Becoming a project manager can provide a diverse array of opportunities, but you may wonder specifically about the types of jobs for someone with a Master's in Project Management. Project management professionals can find work in engineering, technology, construction, manufacturing and telecommunications. While they may work in different industries, these professionals have one main function in common: They oversee all facets of a project. These skilled managerial organizers carry a great deal of responsibility within organizations and hold positions that allow them to utilize their skills in complex ways. Read on to learn more about the types of positions available for these professionals.
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We'll start with the job of project manager, as it's probably the one most people are familiar with. These experts are team leaders who are in charge of a project. The project manager reports to the client who has requested the particular project, and he or she is responsible for its oversight from start to finish. Some specific responsibilities might include establishing deadlines, directing team members, designating budgets and scheduling work.
Senior Project Manager
Sometimes there is a senior project manager that is responsible for programs or multiple projects that are requested simultaneously or are highly dependent on each other for a successful outcome. They coordinate the work of each specific project manager, ensuring that tasks of primary importance are completed on schedule and under budget. They may also be responsible for communicating to executive leadership on program status and company impacts.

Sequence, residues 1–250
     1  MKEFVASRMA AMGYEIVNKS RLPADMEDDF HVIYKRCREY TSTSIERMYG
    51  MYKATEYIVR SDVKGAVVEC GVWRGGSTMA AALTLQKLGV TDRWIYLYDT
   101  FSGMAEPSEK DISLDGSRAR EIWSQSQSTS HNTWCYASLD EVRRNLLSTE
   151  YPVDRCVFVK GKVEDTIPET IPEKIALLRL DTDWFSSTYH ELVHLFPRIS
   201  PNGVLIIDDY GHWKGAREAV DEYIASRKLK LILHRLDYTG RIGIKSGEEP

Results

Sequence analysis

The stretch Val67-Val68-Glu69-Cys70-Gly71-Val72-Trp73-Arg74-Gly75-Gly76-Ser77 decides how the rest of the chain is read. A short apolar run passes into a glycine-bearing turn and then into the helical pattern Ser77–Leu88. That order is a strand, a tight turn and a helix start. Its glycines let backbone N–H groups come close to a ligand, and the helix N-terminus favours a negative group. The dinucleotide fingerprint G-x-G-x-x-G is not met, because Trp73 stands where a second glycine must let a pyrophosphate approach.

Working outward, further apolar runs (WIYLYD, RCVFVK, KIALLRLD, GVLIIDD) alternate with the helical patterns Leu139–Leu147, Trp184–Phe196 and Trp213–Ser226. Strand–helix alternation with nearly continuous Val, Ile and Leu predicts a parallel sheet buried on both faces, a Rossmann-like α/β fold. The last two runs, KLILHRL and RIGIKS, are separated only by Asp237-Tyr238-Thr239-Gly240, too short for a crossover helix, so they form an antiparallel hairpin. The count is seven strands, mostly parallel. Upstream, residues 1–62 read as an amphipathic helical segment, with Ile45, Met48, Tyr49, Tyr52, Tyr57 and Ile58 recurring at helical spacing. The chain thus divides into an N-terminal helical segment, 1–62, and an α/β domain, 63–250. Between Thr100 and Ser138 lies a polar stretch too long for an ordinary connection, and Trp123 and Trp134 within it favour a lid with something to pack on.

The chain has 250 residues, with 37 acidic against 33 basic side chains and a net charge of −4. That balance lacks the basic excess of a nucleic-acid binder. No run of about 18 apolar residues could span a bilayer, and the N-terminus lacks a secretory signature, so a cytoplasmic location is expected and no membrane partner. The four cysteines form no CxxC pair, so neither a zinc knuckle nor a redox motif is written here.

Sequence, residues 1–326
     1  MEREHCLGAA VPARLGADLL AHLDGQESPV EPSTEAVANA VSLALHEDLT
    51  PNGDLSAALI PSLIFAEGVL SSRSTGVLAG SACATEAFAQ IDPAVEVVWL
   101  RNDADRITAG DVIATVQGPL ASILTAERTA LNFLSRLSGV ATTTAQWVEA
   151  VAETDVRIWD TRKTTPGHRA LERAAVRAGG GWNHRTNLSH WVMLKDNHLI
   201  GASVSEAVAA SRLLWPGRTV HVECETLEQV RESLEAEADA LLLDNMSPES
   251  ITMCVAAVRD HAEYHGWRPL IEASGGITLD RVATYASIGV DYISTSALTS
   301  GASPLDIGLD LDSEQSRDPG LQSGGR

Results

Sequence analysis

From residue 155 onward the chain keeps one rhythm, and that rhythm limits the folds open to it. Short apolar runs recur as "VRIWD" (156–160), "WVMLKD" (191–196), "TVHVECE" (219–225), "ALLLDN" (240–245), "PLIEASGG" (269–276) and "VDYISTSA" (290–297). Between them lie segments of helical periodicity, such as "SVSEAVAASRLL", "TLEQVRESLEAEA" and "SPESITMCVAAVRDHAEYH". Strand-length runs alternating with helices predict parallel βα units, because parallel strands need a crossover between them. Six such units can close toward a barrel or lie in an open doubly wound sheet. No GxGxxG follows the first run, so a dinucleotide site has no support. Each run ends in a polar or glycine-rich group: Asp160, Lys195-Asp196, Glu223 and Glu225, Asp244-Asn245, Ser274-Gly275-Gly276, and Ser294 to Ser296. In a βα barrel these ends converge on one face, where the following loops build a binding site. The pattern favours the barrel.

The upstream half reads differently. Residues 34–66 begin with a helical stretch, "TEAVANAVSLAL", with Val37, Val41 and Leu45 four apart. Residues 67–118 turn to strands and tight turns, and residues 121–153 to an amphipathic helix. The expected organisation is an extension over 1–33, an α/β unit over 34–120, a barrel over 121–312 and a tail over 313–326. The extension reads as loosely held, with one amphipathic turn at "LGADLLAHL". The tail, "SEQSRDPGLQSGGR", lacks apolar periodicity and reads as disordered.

Assistant Project Manager
Because the job of project manager is one of such responsibility, it makes sense to have an assistant project manager on hand to help with ensuring all tasks remain on track. This is an ideal entry-level position for those with less experience. This person is usually responsible for a handful of specific duties that help to then prove their readiness to take on additional roles, potentially moving on to become project manager.
Of jobs that require a Master's in Project Management, this one is great for those who enjoy paperwork and organization. Project coordinators may have less hands-on experience than other positions within the field, as this is often an entry position. According to this Career Outlook by the U.S. Bureau of Labor Statistics, some of their duties include scheduling meetings, developing reports and providing assistance to the management team. This help can come in many forms. One of the main tasks of a project coordinator is to keep everyone on the team appraised of important information and to coordinate communication among members.
Some types of projects are extensive and complex. When there are a large number of team members and strict guidelines to which adherence is crucial, it helps to have a project scheduler on the job. This person is responsible for, as the title implies, keeping all of the various aspects of the project's schedule in line. Members of the management team will communicate important information to this professional, and he or she will need to ensure that all other team members stay on track. This can be assisted through special software, but it does require excellent organizational skills from the project scheduler.
There are a wide variety of duties that fall under the larger umbrella of project management. These are some of the more common jobs available with a Master's in Project Management.